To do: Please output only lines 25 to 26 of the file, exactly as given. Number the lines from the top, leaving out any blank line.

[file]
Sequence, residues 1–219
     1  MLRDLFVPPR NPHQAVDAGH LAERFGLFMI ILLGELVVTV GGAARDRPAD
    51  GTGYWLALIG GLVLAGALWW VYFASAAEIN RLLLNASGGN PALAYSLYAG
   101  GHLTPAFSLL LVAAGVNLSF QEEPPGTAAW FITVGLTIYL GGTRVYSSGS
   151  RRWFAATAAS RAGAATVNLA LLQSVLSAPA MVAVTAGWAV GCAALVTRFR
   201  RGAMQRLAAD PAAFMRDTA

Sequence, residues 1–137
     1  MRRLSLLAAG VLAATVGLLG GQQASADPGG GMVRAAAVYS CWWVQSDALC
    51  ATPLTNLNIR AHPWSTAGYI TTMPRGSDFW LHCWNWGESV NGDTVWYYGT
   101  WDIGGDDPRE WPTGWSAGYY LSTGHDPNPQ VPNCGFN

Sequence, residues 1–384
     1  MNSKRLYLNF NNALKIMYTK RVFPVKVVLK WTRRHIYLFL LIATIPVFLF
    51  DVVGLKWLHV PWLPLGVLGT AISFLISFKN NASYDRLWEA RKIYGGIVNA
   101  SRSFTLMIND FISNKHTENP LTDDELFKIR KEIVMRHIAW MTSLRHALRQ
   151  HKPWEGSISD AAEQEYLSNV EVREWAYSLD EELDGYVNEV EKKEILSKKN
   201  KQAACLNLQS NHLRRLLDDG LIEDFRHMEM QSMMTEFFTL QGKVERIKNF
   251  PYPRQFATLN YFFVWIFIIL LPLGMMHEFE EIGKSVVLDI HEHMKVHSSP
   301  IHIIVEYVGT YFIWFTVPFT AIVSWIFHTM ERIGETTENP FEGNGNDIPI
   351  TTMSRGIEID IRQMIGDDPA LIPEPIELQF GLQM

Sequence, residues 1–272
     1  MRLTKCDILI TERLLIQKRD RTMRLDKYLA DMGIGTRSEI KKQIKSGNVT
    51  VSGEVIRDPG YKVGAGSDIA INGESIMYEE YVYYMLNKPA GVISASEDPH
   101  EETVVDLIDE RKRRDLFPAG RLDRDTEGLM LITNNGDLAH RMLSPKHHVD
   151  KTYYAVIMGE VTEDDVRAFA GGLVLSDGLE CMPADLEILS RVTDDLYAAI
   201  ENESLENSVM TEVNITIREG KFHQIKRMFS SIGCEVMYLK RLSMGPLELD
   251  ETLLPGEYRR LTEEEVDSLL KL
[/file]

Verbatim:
   201  ENESLENSVM TEVNITIREG KFHQIKRMFS SIGCEVMYLK RLSMGPLELD
   251  ETLLPGEYRR LTEEEVDSLL KL